I have the most fabulous teenaged daughter. Sure, she turned to me recently — we were at the Gap and I was singing along with Mick Jagger, doing my best version of the White Woman’s Boogie — and asked, “Were you born embarrassing?” OK, I don’t hold that against her. She’s almost thirteen. She’s supposed to find me utterly embarrassing. It’s her job.
She’s on the cusp of a life passage — less child, more woman. As a result, she sees things from both perspectives. Both wise and wondering.
The other day as we turned a corner we spied lavish and ornate Christmas decorations. She exclaimed with the absolute delight of a child, “Mom, it’s Christmagical!”
Would that we all could look at this time of year as magical. But it’s hard, isn’t it? So much to do. Get a tree. Get it off the car, into the house and on the stand. Haul out the decorations. Well, first you have to find them among the clutter you piled over them in the last twelve months. And buy a new package of those little hooks. Decorate the tree. Get gifts. Special, meaningful, perfect gifts. Wrap said gifts. Mail gifts. Shop for food. Cook food. Bake cookies.
Don’t get me started on The Christmas Card Process. Or How To Fake Holiday Cheer To Get Through Yet Another Christmas Party.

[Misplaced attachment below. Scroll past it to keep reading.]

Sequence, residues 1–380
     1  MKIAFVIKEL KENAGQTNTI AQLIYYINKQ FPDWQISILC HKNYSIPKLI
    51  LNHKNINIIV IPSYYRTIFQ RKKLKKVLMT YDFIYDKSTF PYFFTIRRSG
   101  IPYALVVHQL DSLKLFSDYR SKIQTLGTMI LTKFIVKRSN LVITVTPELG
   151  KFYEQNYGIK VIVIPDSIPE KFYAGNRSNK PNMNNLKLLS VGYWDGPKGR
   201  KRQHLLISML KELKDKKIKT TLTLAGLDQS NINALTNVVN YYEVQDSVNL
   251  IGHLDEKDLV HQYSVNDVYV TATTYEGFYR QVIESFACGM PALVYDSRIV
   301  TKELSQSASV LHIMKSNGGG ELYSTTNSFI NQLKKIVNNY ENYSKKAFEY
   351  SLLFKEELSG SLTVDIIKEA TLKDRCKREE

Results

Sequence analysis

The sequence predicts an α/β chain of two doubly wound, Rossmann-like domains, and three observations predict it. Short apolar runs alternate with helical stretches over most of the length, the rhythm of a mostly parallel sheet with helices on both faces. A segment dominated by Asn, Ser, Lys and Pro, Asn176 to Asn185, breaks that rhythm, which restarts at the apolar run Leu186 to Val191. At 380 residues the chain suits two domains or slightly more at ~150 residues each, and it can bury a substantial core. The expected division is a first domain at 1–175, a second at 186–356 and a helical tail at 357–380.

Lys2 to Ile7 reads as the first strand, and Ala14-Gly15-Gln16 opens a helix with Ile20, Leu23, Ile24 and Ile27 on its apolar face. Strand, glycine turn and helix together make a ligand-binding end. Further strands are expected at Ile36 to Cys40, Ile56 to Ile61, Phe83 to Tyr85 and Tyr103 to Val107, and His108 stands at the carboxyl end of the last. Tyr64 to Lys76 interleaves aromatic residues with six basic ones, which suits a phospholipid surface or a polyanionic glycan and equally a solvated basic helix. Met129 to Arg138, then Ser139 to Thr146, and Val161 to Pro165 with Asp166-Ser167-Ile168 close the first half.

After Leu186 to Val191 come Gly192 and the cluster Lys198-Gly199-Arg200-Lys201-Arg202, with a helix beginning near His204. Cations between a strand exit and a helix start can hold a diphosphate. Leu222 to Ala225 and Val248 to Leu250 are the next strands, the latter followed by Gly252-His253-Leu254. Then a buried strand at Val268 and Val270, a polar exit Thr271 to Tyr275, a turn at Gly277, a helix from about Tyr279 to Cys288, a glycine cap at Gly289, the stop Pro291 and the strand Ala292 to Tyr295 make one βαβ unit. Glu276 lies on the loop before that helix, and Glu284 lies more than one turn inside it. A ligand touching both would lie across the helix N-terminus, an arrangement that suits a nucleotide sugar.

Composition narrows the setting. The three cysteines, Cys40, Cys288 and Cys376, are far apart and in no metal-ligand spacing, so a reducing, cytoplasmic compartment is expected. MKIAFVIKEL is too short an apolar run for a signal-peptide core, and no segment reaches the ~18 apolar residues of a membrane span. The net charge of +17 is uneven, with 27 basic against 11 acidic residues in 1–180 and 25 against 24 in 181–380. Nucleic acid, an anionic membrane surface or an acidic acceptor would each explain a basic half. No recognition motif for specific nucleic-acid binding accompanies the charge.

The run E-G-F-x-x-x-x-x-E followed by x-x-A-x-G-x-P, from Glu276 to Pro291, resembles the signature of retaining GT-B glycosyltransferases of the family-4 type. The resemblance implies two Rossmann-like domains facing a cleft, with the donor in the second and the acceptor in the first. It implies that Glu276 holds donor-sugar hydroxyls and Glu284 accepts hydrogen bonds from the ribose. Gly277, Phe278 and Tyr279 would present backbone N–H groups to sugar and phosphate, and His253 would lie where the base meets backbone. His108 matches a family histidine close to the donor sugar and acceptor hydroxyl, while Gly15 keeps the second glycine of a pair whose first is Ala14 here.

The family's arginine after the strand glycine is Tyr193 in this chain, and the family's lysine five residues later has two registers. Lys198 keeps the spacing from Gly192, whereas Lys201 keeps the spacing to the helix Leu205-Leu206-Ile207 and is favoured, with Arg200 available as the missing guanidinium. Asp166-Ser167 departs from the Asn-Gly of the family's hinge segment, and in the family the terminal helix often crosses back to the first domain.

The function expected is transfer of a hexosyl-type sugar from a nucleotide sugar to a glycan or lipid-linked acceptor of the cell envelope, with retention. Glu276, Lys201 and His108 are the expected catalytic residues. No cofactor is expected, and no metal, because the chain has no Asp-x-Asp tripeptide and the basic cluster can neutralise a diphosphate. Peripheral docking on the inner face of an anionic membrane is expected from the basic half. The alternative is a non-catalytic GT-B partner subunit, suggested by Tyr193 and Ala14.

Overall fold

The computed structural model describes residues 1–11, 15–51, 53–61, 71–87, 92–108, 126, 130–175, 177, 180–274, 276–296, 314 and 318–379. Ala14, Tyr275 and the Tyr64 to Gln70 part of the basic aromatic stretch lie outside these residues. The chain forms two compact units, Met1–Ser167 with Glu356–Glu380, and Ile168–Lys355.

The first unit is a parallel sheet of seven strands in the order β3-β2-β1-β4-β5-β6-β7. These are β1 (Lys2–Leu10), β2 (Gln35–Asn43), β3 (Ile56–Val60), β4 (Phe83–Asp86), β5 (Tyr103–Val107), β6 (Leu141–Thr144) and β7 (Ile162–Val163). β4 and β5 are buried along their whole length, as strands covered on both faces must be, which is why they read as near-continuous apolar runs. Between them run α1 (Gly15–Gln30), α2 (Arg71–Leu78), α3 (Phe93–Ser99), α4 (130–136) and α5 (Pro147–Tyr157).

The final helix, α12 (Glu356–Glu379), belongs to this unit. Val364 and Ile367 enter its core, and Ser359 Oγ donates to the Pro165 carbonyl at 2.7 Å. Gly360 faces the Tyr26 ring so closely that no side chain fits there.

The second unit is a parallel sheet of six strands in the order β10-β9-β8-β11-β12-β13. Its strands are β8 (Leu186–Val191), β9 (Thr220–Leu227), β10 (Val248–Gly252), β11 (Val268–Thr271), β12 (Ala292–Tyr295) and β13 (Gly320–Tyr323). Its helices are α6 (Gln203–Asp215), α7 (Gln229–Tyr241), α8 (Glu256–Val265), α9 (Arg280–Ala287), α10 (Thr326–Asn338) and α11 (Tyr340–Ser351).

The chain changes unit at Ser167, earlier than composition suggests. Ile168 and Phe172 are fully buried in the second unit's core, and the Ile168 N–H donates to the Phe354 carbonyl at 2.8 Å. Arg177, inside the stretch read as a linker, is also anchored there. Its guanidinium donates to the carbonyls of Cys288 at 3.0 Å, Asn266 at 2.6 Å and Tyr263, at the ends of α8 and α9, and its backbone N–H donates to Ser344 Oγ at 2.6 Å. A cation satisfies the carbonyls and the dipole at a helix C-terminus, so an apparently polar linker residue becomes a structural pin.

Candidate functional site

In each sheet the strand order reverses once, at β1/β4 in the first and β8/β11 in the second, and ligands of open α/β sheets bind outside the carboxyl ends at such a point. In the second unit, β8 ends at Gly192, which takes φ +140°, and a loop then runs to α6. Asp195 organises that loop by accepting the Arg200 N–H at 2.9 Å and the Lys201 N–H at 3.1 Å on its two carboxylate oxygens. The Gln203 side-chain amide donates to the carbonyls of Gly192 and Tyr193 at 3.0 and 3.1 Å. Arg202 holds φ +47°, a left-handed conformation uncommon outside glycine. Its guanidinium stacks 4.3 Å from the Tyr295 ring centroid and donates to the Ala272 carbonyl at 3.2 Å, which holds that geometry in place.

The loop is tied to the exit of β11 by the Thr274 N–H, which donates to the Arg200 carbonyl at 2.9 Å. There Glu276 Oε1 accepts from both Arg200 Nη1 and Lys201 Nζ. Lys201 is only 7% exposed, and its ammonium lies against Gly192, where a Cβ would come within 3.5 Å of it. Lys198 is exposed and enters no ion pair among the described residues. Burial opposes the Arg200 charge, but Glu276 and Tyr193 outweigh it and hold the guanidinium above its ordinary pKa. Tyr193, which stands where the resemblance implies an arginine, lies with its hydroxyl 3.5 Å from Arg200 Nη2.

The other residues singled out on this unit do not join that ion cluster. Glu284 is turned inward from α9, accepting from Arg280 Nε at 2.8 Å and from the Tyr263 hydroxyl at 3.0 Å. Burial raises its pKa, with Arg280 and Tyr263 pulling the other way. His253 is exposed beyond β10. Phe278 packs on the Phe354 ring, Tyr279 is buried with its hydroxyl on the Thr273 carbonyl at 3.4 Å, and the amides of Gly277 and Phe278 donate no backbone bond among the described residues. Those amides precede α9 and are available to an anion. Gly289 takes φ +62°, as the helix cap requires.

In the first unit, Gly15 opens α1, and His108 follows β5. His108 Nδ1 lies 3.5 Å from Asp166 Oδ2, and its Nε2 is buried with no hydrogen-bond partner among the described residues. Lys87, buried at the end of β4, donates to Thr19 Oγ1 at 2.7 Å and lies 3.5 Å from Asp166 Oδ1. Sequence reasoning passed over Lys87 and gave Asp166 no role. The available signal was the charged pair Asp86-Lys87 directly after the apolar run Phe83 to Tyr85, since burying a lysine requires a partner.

Adult life is not very Christmagical.
This is the point where I could write about The True Meaning of Christmas, but I’ll leave that to Linus (A Charlie Brown Christmas really says it all).
No, I’m going to say this: to really experience the fullness of everything Christmagical you just have to do one thing. You have to be open to unconditional receiving.
You have to be able to turn a corner and gasp because the decorations you see are so beautiful.
You have to allow yourself to tear up when you hear Vanessa Williams sing “Go Tell It On The Mountain.”
You need to get to the place where you accept whatever’s offered you with grace, and kindness, and an acknowledgment that other people are probably doing the best they can.
You have to be willing to let this great big, loving world we live in penetrate your grown up shell, and lift your heart.
You have to remember what it was like to be almost thirteen at Christmas. Remember what it was like to straddle childhood and adulthood — and allow yourself hold on to the best of both in your life, right now.
That’s when you will receive the greatest Christmas gift possible. And, it will be truly Christmagical.
It will be, quite simply, a very merry Christmas.